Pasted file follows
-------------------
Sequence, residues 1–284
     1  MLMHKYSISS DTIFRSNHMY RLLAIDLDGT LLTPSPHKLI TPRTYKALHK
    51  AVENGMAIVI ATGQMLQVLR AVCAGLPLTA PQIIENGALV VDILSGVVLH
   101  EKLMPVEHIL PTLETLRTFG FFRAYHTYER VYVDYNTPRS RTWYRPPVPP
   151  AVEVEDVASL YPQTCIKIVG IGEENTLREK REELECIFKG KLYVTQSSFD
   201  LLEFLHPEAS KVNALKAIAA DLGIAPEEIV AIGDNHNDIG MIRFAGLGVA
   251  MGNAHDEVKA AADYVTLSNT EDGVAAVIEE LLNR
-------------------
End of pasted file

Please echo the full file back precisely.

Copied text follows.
Sequence, residues 1–284
     1  MLMHKYSISS DTIFRSNHMY RLLAIDLDGT LLTPSPHKLI TPRTYKALHK
    51  AVENGMAIVI ATGQMLQVLR AVCAGLPLTA PQIIENGALV VDILSGVVLH
   101  EKLMPVEHIL PTLETLRTFG FFRAYHTYER VYVDYNTPRS RTWYRPPVPP
   151  AVEVEDVASL YPQTCIKIVG IGEENTLREK REELECIFKG KLYVTQSSFD
   201  LLEFLHPEAS KVNALKAIAA DLGIAPEEIV AIGDNHNDIG MIRFAGLGVA
   251  MGNAHDEVKA AADYVTLSNT EDGVAAVIEE LLNR